Get Back, Loretta

Bush's rollback of women's rights

Sunday's March for Women's Lives, which drew at least 750,000 people to the National Mall in Washington, D.C., is a good time to look at George Bush's overall record on women's issues. It's nothing to crow about (unless you're Rush Limbaugh). The administration has been steadily rolling back federal policies that help women. Abortion is just the visible part of this backlash, because it's such a hot-button issue for Bush's right wing legions. But the rest of his agenda is flying far under the radar.

Now, the National Women's Law Center has released an extensive report on "the erosion of hard-won gains for women under Bush." It's called "Slip-Sliding Away," and it examines 10 major areas of concern, from the workplace to the child care center and from the classroom to the military barracks. In each place, Bush's policies make it harder for women to achieve equal rights.

For example, the Department of Labor has "refused to use tools at its disposal to identify violations of equal pay laws," according to the report. Meanwhile, the Department of Justice has "weakened enforcement of the laws against job discrimination and even abandoned pending sex discrimination cases." In schooling, the administration has proposed "reducing funding for, and even eliminating, programs that provide gender equity." The Department of Education has refused to investigate the pervasive exclusion of women from math and science programs. And despite an outcry over previous attempts to weaken Title IX protections for women in schools, the DOE is still pursuing that goal by failing to use its "scarce resources to enforce the law."

In addition, the administration has "archived" material on sexual harassment, making it unavailable to the public, notes the report. The president's budget proposes slashing funds for services to battered women and a national domestic-violence hotline. The Department of Defense has allowed the charter of a 55-year-old committee that promoted the recruitment of women in the military to lapse. Current policy prohibits a servicewoman from having an abortion at an overseas military hospital unless she has been raped or her life is in danger—and even then, she must pay for the procedure herself.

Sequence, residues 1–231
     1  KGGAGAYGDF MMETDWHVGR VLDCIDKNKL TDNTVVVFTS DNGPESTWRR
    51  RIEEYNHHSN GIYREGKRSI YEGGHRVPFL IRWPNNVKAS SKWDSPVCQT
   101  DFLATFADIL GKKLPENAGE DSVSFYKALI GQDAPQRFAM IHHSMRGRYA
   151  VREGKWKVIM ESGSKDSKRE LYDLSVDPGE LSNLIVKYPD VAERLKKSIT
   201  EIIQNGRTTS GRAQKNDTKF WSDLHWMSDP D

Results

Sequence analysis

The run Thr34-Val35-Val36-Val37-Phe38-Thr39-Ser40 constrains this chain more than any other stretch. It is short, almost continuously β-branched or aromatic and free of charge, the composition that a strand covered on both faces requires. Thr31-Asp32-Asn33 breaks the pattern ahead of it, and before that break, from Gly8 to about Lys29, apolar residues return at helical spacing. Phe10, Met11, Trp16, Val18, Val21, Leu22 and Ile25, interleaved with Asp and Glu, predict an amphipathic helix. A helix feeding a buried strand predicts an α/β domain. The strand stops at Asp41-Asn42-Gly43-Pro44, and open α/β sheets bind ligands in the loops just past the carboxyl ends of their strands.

Other moves, such as closing the White House Office for Women's Initiatives and Outreach and padlocking key offices of the Labor Department's Women's Bureau, occurred some time ago. But the rollback has steadily advanced. By now, key advisory panels in social services include people hostile to women's interests. Several Bush nominees to the federal bench have distinguished themselves with sexist comments. One potential jurist declared that women must be "submissive" to their husbands; another opined that women might not have the right to litigate against verbal sexual harassment.

Then there are the broader policy decisions that affect women's lives, such as cutting child-care budgets, freezing funds for after-school programs, and imposing harsh new requirements on welfare recipients. Plans to transform Medicare and privatize Social Security affect women disproportionately because they are more likely than men to be poor. It remains to be seen how single mothers will fare under the president's initiative to encourage marriage.

The report acknowledges that the administration has taken some constructive actions, such as prosecuting people who smuggle women into the country for prostitution. But the pattern is one of "serious steps backward."

Will John Kerry take these findings and run with them? If his reaction to Sunday's march is any sign, don't count on it. He sent his daughter to D.C. and snuck off to Iowa (though he showed up at an earlier, less publicized, abortion rights rally). Many Democratic strategists think the party should downplay women's issues in order to chip away at Bush's hold on the dude vote. (Remember, only 22 percent of white males voted for Al Gore.) If the president is to be held to account, women will have to do it. It's a matter of liberty—and life.

 
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